As an example of the court's concern with the unrestrained abuse of freedom of the press one needs only to read the detailed and factual opinion of Mr. Justice Clark in Sheppard v. Maxwell (384 U.S. 333) wherein he takes the presiding Judge to task for not imposing stricter controls over the press.

The fact that the Supreme Court recognizes that some controls over the press are deemed necessary is clearly spelled out when Judge Clark said (p. 359): "The court should have made some effort to control the release of leads, information, and gossip to the press by police officers, witnesses, and the counsel for both sides".

As I read the Sheppard case it not only gives a Trial Judge the right but, in fact, mandates that he curb not only those giving information to the press but also that he must warn the press regarding publishing information which might be prejudicial to the rights of the accused to a fair trial. In a similar case the United States Supreme Court reversed the conviction of Billie Sol Estes and held that the only recourse other than reversal was by contempt proceedings." (Emphasis added.) (Estes v. Texas, 381 U.S. 532, 544.)

In fact in Near v. Minnesota (283 U.S. 697, 708) one of the cases cited in the respondents' memorandum, the Supreme Court stated "Liberty of speech, and of the press, is also not an absolute right, and the State may punish its abuse." See, also, Whitney v. California (274 U.S. 357) wherein the Supreme Court held that freedom of speech does not confer an absolute right to speak and Pennekamp v. Florida (328 U.S. 331, 347) wherein it held that courts must have power to protect the interests of prisoners and litigants before them from unseemly efforts to pervert judicial action.

Especially pertinent at this very time is the controversy raging between the American Bar Association and the press over the attempt by the Bar Association to draft certain guidelines (Reardon Report) for insuring a fair trial to an accused and in also protecting the press' right to publish. In an editorial appearing in the April, 1968, issue of the American Trial Lawyers Association News Letter it was stated that the proscriptions of the Reardon Report encompass the representatives of the news media. The editorial states (p. 141): "They will have to stop relying on bull sessions in the station house or the D. A's office and do more leg work". The respondent Ithaca Journal itself has carried a number of articles, one as recently as July 31, concerning the strict regulations for disclosure to the press set by the Trial Judge in the pending case of James Earl Ray and also in the Sirhan Sirhan case.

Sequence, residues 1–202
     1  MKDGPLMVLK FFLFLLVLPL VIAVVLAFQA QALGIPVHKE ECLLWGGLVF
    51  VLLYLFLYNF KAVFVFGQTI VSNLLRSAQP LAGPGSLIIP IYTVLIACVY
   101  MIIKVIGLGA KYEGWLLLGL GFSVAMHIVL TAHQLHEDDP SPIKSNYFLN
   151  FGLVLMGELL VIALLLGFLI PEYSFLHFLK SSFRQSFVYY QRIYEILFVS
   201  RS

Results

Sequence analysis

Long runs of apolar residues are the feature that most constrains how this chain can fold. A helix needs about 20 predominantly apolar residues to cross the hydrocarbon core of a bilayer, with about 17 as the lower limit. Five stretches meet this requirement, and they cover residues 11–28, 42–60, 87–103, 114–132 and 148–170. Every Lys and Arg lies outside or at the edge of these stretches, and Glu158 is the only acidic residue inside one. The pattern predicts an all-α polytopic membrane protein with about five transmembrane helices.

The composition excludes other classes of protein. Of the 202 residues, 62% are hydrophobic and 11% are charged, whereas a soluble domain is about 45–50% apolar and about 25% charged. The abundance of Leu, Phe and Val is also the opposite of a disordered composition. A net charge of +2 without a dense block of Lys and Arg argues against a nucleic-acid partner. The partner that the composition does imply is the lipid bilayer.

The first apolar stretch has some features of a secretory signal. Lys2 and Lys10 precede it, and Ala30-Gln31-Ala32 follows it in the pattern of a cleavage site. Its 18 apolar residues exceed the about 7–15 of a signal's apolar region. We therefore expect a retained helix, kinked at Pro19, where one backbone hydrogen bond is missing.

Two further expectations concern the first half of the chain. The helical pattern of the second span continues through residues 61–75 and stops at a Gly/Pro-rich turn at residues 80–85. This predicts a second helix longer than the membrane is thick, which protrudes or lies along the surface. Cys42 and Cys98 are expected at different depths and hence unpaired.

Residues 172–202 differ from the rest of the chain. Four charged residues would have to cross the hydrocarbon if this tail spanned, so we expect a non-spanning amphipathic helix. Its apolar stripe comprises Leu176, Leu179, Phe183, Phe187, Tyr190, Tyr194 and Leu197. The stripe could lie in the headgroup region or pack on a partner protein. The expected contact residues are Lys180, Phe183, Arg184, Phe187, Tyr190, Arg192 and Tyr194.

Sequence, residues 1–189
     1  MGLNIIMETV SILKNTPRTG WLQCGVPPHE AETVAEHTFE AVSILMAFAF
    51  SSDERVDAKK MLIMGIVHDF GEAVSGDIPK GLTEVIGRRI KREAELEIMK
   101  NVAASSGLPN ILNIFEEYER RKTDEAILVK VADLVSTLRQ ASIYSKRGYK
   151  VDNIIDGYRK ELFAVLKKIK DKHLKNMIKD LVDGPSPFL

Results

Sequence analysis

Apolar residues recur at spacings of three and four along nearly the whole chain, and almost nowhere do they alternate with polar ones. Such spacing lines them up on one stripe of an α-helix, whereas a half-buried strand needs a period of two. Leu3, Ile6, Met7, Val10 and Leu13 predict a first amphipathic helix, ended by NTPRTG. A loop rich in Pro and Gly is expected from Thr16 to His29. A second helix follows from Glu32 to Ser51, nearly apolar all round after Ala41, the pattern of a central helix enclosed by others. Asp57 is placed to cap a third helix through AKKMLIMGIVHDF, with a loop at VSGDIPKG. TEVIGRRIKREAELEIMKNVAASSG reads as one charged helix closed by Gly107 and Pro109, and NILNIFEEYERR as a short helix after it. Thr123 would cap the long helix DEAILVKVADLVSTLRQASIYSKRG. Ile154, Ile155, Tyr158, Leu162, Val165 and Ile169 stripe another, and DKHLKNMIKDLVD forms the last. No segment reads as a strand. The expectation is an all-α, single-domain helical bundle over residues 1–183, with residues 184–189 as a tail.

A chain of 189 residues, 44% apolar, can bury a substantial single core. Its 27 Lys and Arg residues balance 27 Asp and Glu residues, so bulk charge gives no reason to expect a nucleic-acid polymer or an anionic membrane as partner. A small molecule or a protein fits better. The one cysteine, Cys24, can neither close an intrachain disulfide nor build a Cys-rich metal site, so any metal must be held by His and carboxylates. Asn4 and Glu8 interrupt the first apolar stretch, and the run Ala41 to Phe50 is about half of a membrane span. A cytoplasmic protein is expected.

To agree with the respondents' position would mean that the effort of the Legislature to assist infants, who have committed an error in the most trying years of their lives, could be completely vitiated by the press. What possible benefit to a youth could be obtained by a court ordering the information to be sealed as to the public if the press is free to then go to a police officer, as it appears may have been done in this case, and obtain and publish the very information which the court has just ordered sealed under authority of section 913-f? What could possibly be more public than the publication and dissemination of this news in a newspaper? The respondents in Point II of their memorandum state "while the purpose of such a ruling is to prevent public disclosure, so far as possible, it does not provide any mandate of any court to prohibit publication of any information relating to news or court procedure or proceeding." What is meant by that? This in view of the fact that the respondents recite without arguing against the validity of it that section 784 of the Family Court Act allows prohibition of news, that a court can direct that divorce proceedings and adoption proceedings be sealed.